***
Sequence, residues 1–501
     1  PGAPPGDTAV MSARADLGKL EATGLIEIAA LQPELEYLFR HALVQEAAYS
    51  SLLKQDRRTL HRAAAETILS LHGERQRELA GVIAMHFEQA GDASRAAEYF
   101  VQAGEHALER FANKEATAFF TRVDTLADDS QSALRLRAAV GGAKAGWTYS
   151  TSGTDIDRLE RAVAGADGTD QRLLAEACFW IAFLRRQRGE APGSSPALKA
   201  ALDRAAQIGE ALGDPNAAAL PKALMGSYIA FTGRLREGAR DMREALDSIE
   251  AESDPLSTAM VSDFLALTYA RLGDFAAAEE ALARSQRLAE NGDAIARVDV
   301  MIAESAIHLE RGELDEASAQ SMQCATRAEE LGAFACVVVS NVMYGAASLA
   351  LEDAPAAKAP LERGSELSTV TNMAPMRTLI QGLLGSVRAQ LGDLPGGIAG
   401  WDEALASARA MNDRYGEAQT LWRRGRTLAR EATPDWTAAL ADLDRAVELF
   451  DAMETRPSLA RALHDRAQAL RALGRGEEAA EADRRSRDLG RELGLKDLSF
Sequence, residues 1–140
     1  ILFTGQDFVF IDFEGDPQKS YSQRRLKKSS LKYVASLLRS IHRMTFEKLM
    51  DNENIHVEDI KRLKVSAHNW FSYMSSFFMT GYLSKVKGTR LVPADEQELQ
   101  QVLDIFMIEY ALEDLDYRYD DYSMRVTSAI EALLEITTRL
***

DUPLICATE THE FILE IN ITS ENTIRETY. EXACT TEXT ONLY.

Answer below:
Sequence, residues 1–501
     1  PGAPPGDTAV MSARADLGKL EATGLIEIAA LQPELEYLFR HALVQEAAYS
    51  SLLKQDRRTL HRAAAETILS LHGERQRELA GVIAMHFEQA GDASRAAEYF
   101  VQAGEHALER FANKEATAFF TRVDTLADDS QSALRLRAAV GGAKAGWTYS
   151  TSGTDIDRLE RAVAGADGTD QRLLAEACFW IAFLRRQRGE APGSSPALKA
   201  ALDRAAQIGE ALGDPNAAAL PKALMGSYIA FTGRLREGAR DMREALDSIE
   251  AESDPLSTAM VSDFLALTYA RLGDFAAAEE ALARSQRLAE NGDAIARVDV
   301  MIAESAIHLE RGELDEASAQ SMQCATRAEE LGAFACVVVS NVMYGAASLA
   351  LEDAPAAKAP LERGSELSTV TNMAPMRTLI QGLLGSVRAQ LGDLPGGIAG
   401  WDEALASARA MNDRYGEAQT LWRRGRTLAR EATPDWTAAL ADLDRAVELF
   451  DAMETRPSLA RALHDRAQAL RALGRGEEAA EADRRSRDLG RELGLKDLSF
Sequence, residues 1–140
     1  ILFTGQDFVF IDFEGDPQKS YSQRRLKKSS LKYVASLLRS IHRMTFEKLM
    51  DNENIHVEDI KRLKVSAHNW FSYMSSFFMT GYLSKVKGTR LVPADEQELQ
   101  QVLDIFMIEY ALEDLDYRYD DYSMRVTSAI EALLEITTRL